Return of Saturn

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This article is about the No Doubt album. For the astrological phenomenon, see Saturn return.
Return of Saturn
Four adults pose for the camera in a brightly decorated room with deep blue walls. From left to right, there is a pink-haired woman by a telescope, a naked man jumping on the bed, a man with a yellow shirt resting his elbow on the bed, and a man with a white T-shirt and yellow hair lounging on the floor. The science fiction-styled text "No Doubt: Return of Saturn" adorns the top right of the cover.
Studio album by No Doubt
Released April 11, 2000 (2000-04-11)
Recorded 1998–99
Genre Alternative rock,[1] new wave
Length 60:42
Label Interscope
Producer Glen Ballard, Jerry Harrison, No Doubt
No Doubt chronology
Tragic Kingdom
(1995)
Return of Saturn
(2000)
Rock Steady
(2001)
Singles from Return of Saturn
  1. "New"
    Released: May 1999
  2. "Ex-Girlfriend"
    Released: May 2, 2000
  3. "Simple Kind of Life"
    Released: June 13, 2000
  4. "Bathwater"
    Released: November 14, 2000

Return of Saturn is the fourth studio album by the American rock band No Doubt, released on April 11, 2000 by Interscope Records. It marked the band's first album as a quartet, following the departure of original keyboardist Eric Stefani in 1994. After touring for two and a half years to promote their breakthrough third studio album, Tragic Kingdom, No Doubt wrote several dozen songs for its follow-up and eventually settled on working with producer Glen Ballard. Creating the album became a tumultuous process lasting two years, during which there was dissension among band members and between the band and its label. The album was completed after the band returned to the studio and recorded what became two of the album's singles.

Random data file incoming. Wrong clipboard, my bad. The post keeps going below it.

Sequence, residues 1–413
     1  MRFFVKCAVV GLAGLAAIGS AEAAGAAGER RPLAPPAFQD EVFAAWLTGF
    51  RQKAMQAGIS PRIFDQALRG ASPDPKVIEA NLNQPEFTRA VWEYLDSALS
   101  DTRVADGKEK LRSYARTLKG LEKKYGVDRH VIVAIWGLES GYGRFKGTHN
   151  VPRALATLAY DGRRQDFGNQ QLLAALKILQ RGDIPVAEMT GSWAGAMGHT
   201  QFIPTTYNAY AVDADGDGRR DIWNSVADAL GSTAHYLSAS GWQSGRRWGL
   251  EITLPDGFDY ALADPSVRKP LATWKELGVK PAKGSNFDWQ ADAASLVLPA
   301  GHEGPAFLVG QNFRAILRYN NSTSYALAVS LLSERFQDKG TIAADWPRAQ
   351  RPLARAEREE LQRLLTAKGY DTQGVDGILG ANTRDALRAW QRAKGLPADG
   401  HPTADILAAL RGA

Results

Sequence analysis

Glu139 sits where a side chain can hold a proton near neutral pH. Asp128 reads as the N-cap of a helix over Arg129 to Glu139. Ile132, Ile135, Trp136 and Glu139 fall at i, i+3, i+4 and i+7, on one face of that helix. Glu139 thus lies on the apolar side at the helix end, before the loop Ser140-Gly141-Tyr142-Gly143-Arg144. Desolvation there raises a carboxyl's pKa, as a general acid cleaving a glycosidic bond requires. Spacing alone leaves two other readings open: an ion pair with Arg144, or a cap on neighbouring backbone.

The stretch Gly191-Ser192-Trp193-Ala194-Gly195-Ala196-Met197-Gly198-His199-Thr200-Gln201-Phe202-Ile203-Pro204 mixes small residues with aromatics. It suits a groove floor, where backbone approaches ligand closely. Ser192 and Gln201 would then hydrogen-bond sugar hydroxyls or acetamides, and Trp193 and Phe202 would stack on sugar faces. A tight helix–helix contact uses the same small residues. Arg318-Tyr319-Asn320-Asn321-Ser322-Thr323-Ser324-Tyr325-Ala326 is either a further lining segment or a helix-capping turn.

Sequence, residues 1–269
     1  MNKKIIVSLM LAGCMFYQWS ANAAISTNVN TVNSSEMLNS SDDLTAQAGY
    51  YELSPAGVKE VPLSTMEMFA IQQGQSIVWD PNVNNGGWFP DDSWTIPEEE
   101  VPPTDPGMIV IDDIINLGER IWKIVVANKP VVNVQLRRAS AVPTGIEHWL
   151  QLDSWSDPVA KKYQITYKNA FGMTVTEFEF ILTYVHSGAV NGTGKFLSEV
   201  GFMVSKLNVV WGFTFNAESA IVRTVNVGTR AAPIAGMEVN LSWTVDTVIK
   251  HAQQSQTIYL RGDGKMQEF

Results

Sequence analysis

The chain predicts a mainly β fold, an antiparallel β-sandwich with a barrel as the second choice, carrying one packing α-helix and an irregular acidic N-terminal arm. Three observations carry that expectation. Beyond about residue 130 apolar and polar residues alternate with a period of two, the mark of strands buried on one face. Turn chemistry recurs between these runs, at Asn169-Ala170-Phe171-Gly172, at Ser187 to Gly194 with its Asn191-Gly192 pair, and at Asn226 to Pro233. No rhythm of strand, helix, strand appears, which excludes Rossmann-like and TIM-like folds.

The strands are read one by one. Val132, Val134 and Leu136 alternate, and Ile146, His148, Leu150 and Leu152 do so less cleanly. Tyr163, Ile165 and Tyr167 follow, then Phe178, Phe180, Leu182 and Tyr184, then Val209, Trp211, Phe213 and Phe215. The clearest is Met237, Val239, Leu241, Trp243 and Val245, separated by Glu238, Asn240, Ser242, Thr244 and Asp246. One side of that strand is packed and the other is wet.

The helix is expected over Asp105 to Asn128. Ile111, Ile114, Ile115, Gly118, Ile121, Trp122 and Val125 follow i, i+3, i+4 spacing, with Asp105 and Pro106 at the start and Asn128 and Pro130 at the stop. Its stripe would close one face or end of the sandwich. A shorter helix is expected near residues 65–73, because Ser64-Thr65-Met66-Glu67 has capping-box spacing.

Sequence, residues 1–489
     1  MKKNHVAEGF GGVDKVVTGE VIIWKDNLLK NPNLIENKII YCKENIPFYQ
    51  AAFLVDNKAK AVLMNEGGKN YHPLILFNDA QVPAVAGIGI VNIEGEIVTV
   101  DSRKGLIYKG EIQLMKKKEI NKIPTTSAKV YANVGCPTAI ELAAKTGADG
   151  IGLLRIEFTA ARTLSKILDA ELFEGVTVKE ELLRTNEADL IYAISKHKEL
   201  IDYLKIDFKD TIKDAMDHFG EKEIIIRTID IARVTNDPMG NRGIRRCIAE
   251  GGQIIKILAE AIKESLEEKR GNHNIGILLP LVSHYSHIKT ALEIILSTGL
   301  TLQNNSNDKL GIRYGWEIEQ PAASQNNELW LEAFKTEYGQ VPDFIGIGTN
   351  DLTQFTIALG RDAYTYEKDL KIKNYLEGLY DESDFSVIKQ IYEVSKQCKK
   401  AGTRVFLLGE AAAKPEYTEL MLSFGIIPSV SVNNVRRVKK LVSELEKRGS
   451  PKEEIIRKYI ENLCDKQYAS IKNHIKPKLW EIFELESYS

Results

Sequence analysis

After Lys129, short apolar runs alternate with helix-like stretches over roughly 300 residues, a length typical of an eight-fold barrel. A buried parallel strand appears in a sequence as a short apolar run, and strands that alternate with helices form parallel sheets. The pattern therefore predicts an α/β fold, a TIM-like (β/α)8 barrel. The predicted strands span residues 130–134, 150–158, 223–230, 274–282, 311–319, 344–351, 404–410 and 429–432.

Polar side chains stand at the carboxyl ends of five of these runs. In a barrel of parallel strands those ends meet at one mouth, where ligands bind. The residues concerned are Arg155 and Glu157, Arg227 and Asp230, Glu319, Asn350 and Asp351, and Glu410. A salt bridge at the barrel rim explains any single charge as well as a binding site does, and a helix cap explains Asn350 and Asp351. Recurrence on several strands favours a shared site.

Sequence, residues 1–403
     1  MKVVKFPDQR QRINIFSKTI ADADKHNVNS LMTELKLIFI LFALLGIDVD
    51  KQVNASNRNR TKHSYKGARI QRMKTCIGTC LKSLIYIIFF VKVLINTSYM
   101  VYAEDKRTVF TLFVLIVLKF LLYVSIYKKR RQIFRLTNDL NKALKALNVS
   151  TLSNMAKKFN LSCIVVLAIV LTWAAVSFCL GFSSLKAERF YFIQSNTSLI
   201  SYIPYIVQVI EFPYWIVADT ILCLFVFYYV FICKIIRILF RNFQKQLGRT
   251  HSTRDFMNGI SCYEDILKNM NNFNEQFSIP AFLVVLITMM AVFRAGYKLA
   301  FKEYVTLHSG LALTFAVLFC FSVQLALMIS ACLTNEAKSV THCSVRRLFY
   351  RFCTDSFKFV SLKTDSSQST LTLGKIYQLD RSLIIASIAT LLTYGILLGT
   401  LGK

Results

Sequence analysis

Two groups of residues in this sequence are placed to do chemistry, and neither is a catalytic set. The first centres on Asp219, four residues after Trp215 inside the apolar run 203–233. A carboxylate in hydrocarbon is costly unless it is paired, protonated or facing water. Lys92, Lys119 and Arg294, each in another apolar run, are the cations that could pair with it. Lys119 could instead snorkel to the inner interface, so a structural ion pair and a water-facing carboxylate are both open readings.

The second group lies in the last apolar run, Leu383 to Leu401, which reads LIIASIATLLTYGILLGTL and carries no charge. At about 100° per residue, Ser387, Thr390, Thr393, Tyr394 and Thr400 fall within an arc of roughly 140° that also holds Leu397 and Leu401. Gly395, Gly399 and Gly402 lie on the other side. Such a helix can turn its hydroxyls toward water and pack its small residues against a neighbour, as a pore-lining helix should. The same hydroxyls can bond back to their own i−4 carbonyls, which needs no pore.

The album maintains the ska punk and reggae influences of the band's previous work, but with slower, more ballad-like songs. The lyrics to many of the songs describe singer Gwen Stefani's pining for a more domestic life, contrasting that with her commitment to a music career.

Upon release, Return of Saturn received favorable reviews from music critics, although several of them were divided over its different sound to its predecessor. It debuted at number two on the Billboard 200 but was unable to measure up to the sales of Tragic Kingdom. The album produced four singles, only one of which charted on the Billboard Hot 100. At the 43rd Grammy Awards, Return of Saturn was nominated for Best Rock Album.

Background[edit]

After the success of No Doubt's breakthrough album Tragic Kingdom (1995), the band wrote more than twenty songs for a new album, influenced by artists such as The Cure.[2] Having toured extensively for two and a half years since the release of Tragic Kingdom, they initially had trouble producing material and decided to experiment with new sounds.[3] Many of the songs were written in a rented house in Hollywood Hills, Los Angeles, California, where bassist Tony Kanal was living.[4] During early production in mid-1998 the band worked on seven tracks in Los Angeles with Matthew Wilder, who had produced Tragic Kingdom, but had creative differences with him. They planned on going to New York to work with producer Michael Beinhorn, who had produced for alternative rock acts such as Red Hot Chili Peppers, Hole, and Soundgarden.[5]

When scheduling conflicts arose with Beinhorn,[6] the band interviewed several producers and decided on Glen Ballard, who had produced Alanis Morissette's Jagged Little Pill (1995), because of pressure from manager Jimmy Iovine[7] and Ballard's belief in not using heavy production techniques.[8] Ballard went through the band's forty demos and ruled out half of them. They frequently missed due dates, arguing that hurrying the album to cash in on the success of Tragic Kingdom was unwise since three years had passed.[9] In early 1999, No Doubt released "New", co-produced by Talking Heads member Jerry Harrison, for the soundtrack to the 1999 film Go.